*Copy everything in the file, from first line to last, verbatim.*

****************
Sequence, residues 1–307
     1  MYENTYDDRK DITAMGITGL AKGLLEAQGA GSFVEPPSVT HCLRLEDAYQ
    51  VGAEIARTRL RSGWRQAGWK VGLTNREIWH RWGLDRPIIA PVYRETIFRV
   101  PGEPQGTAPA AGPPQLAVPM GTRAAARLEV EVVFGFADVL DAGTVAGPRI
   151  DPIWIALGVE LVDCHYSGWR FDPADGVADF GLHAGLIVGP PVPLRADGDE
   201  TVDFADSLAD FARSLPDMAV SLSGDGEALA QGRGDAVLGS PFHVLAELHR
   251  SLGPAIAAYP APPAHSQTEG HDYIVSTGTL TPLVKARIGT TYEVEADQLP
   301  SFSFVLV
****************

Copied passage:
Sequence, residues 1–307
     1  MYENTYDDRK DITAMGITGL AKGLLEAQGA GSFVEPPSVT HCLRLEDAYQ
    51  VGAEIARTRL RSGWRQAGWK VGLTNREIWH RWGLDRPIIA PVYRETIFRV
   101  PGEPQGTAPA AGPPQLAVPM GTRAAARLEV EVVFGFADVL DAGTVAGPRI
   151  DPIWIALGVE LVDCHYSGWR FDPADGVADF GLHAGLIVGP PVPLRADGDE
   201  TVDFADSLAD FARSLPDMAV SLSGDGEALA QGRGDAVLGS PFHVLAELHR
   251  SLGPAIAAYP APPAHSQTEG HDYIVSTGTL TPLVKARIGT TYEVEADQLP
   301  SFSFVLV